MANILA (Reuters) - Southeast Asia is one of the world’s most vulnerable regions to climate change and could face conflict over failing rice yields, lack of water and high economic costs, a major Asian Development Bank report shows.
The region’s economies could lose as much as 6.7 percent of combined gross domestic product yearly by 2100, more than twice the global average loss, according to the ADB’s report on the economics of climate change in Southeast Asia.
“By the end of this century, the economy-wide cost each year on average could reach 2.2 percent of GDP, if only market impact is considered...(to) 6.7 percent of GDP when catastrophic risks are also taken into account,” the British-government funded report said.
This compared with an estimated global loss of just under 1 percent of GDP in market impact terms, the Manila-based ADB said.
The global economic downturn could delay funding for climate change mitigation measures by regional governments.
Yet this was the time to offer incentives for green investment schemes in the energy and water sectors, said the study focusing on Indonesia, Philippines, Thailand and Vietnam.
These schemes could involve the shift to renewable and clean energy options for the power and transport sectors across Southeast Asia, home to nearly 600 million people.
In particular, cutting carbon emissions from forest fires and deforestation was crucial since these were major contributors to the region’s total emissions, it said. Renewable energy such as wind, solar, biomass and geothermal also offered great potential in slashing emissions.
But if nothing was done globally to fight climate change, Southeast Asia could suffer a decline in rice output potential of about 50 percent on average by 2100 against 1990 levels.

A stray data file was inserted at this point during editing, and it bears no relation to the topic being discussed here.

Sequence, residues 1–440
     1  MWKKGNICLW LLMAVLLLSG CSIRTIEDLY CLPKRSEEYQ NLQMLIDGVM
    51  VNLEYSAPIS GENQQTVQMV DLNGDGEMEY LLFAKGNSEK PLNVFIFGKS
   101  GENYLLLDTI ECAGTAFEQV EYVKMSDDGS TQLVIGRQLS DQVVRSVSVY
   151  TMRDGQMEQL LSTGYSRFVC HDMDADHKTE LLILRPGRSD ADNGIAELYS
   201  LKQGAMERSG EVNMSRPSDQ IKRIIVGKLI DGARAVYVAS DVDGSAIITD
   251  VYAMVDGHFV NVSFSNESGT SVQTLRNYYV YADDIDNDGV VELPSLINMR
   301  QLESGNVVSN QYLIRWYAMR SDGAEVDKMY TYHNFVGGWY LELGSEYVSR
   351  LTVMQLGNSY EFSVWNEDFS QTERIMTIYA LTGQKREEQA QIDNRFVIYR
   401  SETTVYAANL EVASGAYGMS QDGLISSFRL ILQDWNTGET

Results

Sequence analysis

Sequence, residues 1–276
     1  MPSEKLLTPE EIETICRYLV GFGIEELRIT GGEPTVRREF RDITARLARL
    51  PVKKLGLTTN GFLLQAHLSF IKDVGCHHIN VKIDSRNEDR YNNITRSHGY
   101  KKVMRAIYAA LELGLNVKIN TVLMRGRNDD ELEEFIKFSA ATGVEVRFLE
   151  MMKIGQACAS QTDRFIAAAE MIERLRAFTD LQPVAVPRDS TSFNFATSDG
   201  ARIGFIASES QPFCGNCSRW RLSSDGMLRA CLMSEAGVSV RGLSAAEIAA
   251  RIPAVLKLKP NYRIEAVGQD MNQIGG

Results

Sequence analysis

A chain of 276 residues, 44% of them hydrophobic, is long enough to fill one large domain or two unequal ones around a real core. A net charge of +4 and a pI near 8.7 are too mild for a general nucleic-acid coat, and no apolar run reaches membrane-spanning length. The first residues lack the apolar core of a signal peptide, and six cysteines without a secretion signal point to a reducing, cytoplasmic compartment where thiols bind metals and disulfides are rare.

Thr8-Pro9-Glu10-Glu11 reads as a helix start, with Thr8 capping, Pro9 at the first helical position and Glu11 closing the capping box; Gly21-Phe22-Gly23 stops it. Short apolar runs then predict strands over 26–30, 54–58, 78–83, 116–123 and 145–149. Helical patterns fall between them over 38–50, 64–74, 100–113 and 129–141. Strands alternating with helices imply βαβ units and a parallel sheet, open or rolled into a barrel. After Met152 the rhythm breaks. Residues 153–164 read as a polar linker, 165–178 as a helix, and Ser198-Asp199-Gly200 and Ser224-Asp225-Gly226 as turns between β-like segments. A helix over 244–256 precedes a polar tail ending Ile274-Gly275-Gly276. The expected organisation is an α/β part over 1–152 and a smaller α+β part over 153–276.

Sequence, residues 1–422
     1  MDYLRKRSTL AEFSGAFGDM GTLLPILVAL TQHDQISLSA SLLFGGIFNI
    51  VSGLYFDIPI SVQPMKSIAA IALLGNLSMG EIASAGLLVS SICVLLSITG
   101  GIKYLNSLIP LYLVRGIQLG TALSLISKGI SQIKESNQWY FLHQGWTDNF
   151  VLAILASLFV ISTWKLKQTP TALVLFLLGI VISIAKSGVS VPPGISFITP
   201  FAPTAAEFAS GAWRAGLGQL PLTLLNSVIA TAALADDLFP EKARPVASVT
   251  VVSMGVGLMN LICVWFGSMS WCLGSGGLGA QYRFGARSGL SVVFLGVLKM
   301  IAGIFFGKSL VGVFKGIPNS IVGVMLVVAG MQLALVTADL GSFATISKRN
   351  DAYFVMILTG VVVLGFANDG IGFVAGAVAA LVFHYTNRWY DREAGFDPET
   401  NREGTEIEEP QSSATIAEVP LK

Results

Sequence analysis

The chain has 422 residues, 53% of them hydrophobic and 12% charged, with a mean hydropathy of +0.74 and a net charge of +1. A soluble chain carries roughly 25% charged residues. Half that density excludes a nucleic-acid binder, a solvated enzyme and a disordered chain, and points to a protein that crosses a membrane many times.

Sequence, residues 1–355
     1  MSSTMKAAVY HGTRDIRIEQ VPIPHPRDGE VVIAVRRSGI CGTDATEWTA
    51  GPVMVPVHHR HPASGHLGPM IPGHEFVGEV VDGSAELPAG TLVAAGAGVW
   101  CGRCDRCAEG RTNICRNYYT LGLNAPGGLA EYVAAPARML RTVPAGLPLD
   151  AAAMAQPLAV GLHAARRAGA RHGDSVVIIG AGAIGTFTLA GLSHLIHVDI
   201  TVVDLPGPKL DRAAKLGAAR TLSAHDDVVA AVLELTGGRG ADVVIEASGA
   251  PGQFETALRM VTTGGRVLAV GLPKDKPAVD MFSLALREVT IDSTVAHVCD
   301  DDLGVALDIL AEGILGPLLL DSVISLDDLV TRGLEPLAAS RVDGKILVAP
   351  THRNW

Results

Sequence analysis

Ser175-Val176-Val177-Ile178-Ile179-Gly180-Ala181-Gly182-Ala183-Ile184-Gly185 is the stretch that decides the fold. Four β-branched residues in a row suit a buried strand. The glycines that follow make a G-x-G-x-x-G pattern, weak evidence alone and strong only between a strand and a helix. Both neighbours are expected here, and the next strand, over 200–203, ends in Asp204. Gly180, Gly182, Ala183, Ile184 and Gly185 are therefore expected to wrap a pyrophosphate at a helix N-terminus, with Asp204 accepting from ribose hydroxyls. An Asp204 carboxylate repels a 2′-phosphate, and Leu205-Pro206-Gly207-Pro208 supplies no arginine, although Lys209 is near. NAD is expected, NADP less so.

The yield drop ranged from 34 percent in Indonesia to 75 percent in the Philippines, with the fall forecast to start in 2020 for the four nations.
Southeast Asia is one of the most vulnerable regions to climate change because of the high economic activity along its long coastlines, and its heavy dependence on agriculture, forestry and other natural resources.
Unless the pace of climate change was checked, millions of people in the region would be left unable to produce or purchase sufficient food.
“More people will be at risk of hunger and malnutrition, which will cause more deaths. The possibility of local conflicts may increase,” said the report.
Annual mean temperature in the four countries could also rise by an average 4.8 degrees Celsius by 2100 from 1990 levels if global emissions keep growing.
This would intensify water shortages in the dry season and raise flooding risks during wet periods.
The report says an increase in extreme weather events, such as droughts, floods and storms, and forest fires arising from climate change would also jeopardize export industries.
It said the region, which contributed 12 percent of the world’s greenhouse gas emissions in 2000, had made significant efforts to counter climate change, but most steps were reactive and offered short-term benefits with implementation patchy.
Raising public awareness of climate change and its impact, increased funding and enhancing policy coordination, were crucial, it added.
Stepping up measures to adapt were also needed.
These included scaling up water conservation and management, developing heat-resistant crop varieties, more efficient irrigation systems and enhanced awareness-raising programs to prepare for more forest fires.
Editing by David Fogarty and Sanjeev Miglani
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